Walter Palmer's dental practice resumes: Minnesota "Cecil" hunter back to work.

Lion-Killing Minnesota Hunter Returns to Dental Practice

Lion-Killing Minnesota Hunter Returns to Dental Practice

The Slatest
Your News Companion
Sept. 8 2015 9:35 AM

Lion-Killing Minnesota Hunter Returns to Dental Practice

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Dr. Walter Palmer (in black short sleeves) walks to work alongside security guards and members of the media on Tuesday in Bloomington, Minnesota.

Adam Bettcher/Getty

The Bloomington, Minnesota dentist who has laid low since killing a well-known lion in Zimbabwe returns to work at his dental practice on Tuesday, the Minneapolis Star-Tribune reports in an exclusive interview. Dr. Walter Palmer killed the lion, which was being tracked in an Oxford research project and was nicknamed Cecil, with a bow and arrow in July after he and his guides allegedly lured it out of a protected area. (Guide Theo Bronkhorst is scheduled to begin trial on Sept. 28 in Zimbabwe on charges of failing to prevent an illegal hunt.)

Palmer's interview was the first he's conducted since accounts of the lion's death became a major story—a story fueled by images of the dentist with other big-game trophies and the news that he pleaded guilty in 2008 to lying to federal officials about the details of a black bear hunt in Wisconsin. He has not been charged with a crime related to the Zimbabwe lion hunt nor contacted by authorities, a lawyer acting as his adviser says.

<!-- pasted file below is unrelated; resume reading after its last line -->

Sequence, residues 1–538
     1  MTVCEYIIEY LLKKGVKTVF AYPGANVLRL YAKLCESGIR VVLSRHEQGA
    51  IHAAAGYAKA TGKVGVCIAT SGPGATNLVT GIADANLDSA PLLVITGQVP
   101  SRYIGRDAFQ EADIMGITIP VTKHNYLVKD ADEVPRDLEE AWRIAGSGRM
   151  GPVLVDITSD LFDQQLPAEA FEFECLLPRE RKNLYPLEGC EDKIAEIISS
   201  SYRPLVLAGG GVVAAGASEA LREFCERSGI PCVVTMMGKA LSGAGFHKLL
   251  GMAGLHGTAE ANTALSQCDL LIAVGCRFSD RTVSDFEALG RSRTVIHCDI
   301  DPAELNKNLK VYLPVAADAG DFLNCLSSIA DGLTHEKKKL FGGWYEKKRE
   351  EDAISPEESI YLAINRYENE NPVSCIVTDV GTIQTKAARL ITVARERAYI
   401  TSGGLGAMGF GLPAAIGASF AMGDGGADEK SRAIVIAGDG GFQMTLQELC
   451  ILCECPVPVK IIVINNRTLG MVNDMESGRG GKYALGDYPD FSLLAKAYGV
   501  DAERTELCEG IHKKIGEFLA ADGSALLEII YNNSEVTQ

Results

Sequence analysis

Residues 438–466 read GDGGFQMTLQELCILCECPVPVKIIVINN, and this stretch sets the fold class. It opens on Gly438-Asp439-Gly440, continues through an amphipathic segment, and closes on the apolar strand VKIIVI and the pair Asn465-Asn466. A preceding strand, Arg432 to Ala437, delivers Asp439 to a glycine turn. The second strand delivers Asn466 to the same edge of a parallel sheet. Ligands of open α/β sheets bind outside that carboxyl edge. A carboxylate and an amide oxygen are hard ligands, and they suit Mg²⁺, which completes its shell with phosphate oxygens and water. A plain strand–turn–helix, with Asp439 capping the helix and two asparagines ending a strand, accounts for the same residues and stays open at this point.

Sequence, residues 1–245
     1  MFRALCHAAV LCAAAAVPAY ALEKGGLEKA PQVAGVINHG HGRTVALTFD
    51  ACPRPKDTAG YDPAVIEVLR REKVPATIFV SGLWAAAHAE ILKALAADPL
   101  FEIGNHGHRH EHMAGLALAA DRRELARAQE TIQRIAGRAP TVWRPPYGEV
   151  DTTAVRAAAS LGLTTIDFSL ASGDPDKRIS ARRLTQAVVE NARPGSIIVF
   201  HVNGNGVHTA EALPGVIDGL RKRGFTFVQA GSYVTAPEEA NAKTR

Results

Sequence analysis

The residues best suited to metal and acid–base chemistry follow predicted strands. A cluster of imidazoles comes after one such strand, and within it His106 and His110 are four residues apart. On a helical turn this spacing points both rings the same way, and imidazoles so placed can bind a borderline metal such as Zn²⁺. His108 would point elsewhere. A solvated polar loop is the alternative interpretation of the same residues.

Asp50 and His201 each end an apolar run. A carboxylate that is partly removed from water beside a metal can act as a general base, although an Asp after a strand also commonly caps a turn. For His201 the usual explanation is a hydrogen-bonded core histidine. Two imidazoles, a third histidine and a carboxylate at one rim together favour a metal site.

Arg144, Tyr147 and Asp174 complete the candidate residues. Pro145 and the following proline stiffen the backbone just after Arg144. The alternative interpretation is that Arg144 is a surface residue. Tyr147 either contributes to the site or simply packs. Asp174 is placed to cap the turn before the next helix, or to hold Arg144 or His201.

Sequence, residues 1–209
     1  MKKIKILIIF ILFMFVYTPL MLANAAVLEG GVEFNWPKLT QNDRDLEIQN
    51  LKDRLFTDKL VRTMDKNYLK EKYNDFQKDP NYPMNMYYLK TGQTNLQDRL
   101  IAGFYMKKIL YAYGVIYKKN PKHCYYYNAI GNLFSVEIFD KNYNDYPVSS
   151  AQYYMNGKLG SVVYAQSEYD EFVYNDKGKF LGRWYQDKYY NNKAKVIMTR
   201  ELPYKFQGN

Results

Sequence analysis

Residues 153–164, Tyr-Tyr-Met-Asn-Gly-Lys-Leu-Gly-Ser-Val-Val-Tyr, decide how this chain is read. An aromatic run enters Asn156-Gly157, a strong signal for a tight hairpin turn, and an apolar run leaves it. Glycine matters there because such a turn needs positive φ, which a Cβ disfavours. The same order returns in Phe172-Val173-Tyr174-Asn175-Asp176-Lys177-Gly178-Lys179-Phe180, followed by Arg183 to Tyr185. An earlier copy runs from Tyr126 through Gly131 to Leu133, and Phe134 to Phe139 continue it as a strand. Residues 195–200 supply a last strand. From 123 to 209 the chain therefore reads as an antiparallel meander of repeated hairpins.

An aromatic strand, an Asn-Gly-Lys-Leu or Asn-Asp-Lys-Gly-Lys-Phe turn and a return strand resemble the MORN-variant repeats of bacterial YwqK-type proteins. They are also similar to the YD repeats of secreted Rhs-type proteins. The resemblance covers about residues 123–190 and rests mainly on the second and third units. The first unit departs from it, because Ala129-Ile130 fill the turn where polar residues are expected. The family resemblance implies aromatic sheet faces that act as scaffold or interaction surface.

"I have a lot of staff members at River Bluff Dental. I’m a little heartbroken at the disruption in their lives, and I’m a health professional," said the casually dressed Palmer, calm and all business, during the back and forth as attorney Joe Friedberg and a public relations consultant flanked him in what the dentist said would be his only media availability.
"I need to get back to treating my patients," the dentist continued. "My staff and my patients support me, and they want me back. That’s why I’m back. I’ll be coming back this week."
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Palmer previously said in a statement that he did not know that Cecil was a well-known animal (or that it was being tracked for research) until after the lion was dead. Palmer "reiterated" in his interview that he believes the hunt was conducted legally, the Star-Tribune says.